Ideas for Building Simple Machines at Home

Ideas for building simple machines {FREE Printables Included}A simple machine is a tool that you can use to help you to do work. In other words, simple machines make the task of lifting or moving an object easier.

Types of Simple Machines

There are seven main types of simple machines.

1. The Lever

The lever is a rigid bar that is free to move around at a fixed point. Levers are frequently used to lift things, i.e. using a flat piece of metal to pry open a paint can, using a wheelbarrow to move dirt, or using a shovel to life a large rock.

2. The Wheel and Axle

The wheel and axle has two disks or cylinders, each with a different radius. The wheel and axle simple machine is often used to turn or rotate things, i.e. using a screwdriver to turn a screw or using the steering wheel of a vehicle.

3. Gears

Gears are toothed wheels that interlock in pairs; each one helps to drive the next. Gears are often used to consistently drive an object, like a watch or clock.

4. The Inclined Plane

An inclined plane is a slanted surface that helps move objects up an incline. The inclined planes are typically ramps that can be used to move a heavy object from a lower level to a higher level.

5. The Wedge

The wedge is a v-shaped object whose sides are two inclined planes. Wedges, like knives, axes, and zippers, make it easier to separate two objects.

6. The Screw

The screw is an inclined plane wrapped around a cylinder; this plane is also called the thread of the screw. These simple machines, including screws, nuts, and bolts, make it easier to drive an object into another object.

7. The Pulley

A pulley has a rope that fits in the groove of a wheel. Pulleys make it easier to pull a heavy load directly upward.
In today’s experiment, you are going to choose one of these types of simple machines to build.

Building Simple Machines at Home

Here are three activities you can use with your students to see firsthand the benefit of using simple machines.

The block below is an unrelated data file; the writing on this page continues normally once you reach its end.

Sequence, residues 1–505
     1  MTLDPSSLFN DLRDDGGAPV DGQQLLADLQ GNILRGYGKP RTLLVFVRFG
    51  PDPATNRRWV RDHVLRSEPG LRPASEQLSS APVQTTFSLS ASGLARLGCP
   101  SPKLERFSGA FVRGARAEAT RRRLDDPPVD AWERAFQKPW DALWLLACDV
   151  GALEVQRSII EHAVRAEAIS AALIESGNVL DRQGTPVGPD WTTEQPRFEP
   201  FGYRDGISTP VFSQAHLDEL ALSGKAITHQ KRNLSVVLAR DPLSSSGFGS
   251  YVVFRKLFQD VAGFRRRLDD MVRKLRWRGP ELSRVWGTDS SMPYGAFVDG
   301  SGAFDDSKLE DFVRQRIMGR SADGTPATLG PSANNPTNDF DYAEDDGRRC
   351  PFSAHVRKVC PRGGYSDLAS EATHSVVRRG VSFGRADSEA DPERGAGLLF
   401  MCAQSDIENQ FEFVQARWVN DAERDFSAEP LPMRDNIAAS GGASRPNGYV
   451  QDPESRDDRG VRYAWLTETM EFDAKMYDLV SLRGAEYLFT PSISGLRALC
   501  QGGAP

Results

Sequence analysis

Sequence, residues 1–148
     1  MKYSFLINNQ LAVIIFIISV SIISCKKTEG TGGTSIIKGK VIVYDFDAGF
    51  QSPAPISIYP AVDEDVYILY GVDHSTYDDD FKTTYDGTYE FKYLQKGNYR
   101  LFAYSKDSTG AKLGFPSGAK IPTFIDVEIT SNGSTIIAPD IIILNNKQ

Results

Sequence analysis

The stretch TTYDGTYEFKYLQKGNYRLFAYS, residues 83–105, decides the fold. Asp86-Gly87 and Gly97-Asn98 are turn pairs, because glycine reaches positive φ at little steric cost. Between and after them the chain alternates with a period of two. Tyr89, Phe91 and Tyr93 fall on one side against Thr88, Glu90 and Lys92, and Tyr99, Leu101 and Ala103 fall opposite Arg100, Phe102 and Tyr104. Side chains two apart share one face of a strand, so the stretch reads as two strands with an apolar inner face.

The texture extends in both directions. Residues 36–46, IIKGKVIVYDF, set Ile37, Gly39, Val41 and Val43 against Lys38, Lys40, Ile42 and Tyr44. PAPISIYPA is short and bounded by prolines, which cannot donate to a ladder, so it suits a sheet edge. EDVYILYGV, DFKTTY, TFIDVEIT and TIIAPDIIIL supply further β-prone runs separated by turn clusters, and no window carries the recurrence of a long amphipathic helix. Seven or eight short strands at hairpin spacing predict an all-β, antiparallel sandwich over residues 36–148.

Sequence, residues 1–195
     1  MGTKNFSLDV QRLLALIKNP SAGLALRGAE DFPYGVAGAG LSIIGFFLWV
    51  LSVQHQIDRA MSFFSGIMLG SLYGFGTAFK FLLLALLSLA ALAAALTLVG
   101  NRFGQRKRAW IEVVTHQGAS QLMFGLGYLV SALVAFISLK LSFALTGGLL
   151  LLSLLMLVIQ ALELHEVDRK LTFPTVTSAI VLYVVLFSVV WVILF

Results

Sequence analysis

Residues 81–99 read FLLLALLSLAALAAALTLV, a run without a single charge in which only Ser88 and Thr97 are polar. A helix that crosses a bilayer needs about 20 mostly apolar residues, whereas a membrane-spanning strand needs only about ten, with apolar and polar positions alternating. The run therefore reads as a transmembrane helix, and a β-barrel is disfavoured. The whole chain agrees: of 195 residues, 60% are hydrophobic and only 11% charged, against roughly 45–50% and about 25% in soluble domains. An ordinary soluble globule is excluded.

Build # 1 – Wheel & Axle

You will need the following:

  • a thick, heavy book
  • round pencils
  • smooth surface

Have the students try to push the book over the surface and observe how much effort it takes. Then have them line up pencils along the surface as a path for the book. Then, have them try to push the book over the surface once more and note the difference.

Extension – Have the students repeat the process on a rough surface.

Build #2 – The Screw

You will need the following:

  • block of wood
  • nail
  • screw

Have the students try to push the nail as far as they can into the piece of wood, observing how much effort it takes. Then have the students try to twist the push a nail into wood, twist a screw as far as they can into the piece of wood, noting the difference in effort. Have the students measure amount of the nail and screw that is still sticking of the wood and compare the differences.

Extension – Have the students try different sizes of nails and screws to see if their results remain the same.

Build #3 – The Ramp

You will need the following:

  • brick or concrete block
  • wooden board
  • stairs

Have the students pick up the brick or block and carry it up 6 steps, noting how much effort it takes. Then, have them set up the wooden board as a ramp up the 6 steps they just climbed. Now, have them push the brick or block up the ramp, observing the difference in effort.

Extension – Add some wheels under the brick to see if that makes a difference in the effort needed to move the brick up the ramp.

Simple Machine Resources

Here are a few more resources you can use as you learn about simple machines:

Have fun as you explore simple machines with your students!

by Paige Hudson

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Comments

  1. Love it- easy and effective ideas. Thanks! 🙂